The latest example is one that has been inflicted on a client of mine who has had his borrowing heavily restricted by his invoice finance lender (not my introduction) who frankly should know better. The clause states that if my client goes under then all liabilities cease. What total drivel and of course that is unenforceable

In this case I am working with my client to put pressure on or find an alternative. We will but how do we stop such nonsense giving lenders the perfect excuse to restrict lending at crucial times?

My solution is simple. Clauses such as these potential waste a lot of court resources but as with cancer, the problem is best caught early and I would make a range of clauses technically illegal (as the EU did with the assignment clause) and punishable by hefty fines

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Spiv invoice financiers. Avoid and avoid again

This is Viv the spiv, who actually exists. In fact he is an act which must be welcome fun at certain events but believe it or not, with the addition of a eighties blow wave haircut to go with the cheesy smile and worst of all, the pocket handkerchief, he’s a disturbing close likeness to a business development manager I met from a major lender. It baffles me that a lender can seriously believe that the average business owner is going to be impressed by such tacky image.

A business associate of mine once claimed that I didn’t look ‘slick’ enough for clients without appreciating that his somewhat ‘slick’ and slippery image has probably alienated many potential clients. Naturally I do not turn up to meet clients in a football top and shorts but the silk pocket handkerchief will not be present.

Does such a profile develop trust? I doubt it but image isn’t always an indication of tacky poor behaviour and recently I have once again come across a situation whereby a new client of mine is being treated dreadfully by one of the new breed of small lenders who swarming the market. I hasten to add that I am certainly not against new entrants and very much in favour of new products and approaches to lending but there has to be a degree of caution exercised. This particular lender is one I’ve avoided in the past and their reputation precedes them. My clients dealings with them should be simplicity itself, but they are not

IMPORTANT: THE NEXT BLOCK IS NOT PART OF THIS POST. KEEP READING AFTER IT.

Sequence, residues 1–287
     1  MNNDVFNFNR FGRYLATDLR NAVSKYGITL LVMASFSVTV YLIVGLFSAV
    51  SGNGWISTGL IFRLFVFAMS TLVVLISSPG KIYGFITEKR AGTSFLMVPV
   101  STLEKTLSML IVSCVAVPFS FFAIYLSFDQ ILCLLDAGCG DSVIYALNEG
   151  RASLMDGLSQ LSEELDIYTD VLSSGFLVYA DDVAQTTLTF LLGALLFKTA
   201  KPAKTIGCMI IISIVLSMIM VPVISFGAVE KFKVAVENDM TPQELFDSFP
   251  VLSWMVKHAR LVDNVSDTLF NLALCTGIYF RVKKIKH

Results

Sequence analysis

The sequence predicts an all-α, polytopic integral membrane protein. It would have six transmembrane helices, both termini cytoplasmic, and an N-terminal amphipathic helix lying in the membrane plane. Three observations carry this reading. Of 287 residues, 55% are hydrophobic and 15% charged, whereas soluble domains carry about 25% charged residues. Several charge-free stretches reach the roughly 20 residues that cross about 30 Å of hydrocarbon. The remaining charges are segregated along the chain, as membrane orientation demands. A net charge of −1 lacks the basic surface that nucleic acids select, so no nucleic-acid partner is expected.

Most lenders abide by a ‘code of conduct’ which was developed by the ABFA body and whilst I will not bore you with the details and the nature of the body, it was surprisingly successful in routing out much bad behaviour and sharp practice within the industry. And frankly there was too much.

This particular case has resulted in a solicitors letter and you do wonder why a small lender in the market appears to be determined to develop a bad name for itself? Word gets around very quickly and of course, bad news travels faster than good.

Sadly it appears that bad practices are creeping back in and needless to say, it is essential for new borrowers to access genuine industry knowledge and experience of who’s who. Which is where I come in. Without the pocket handkerchief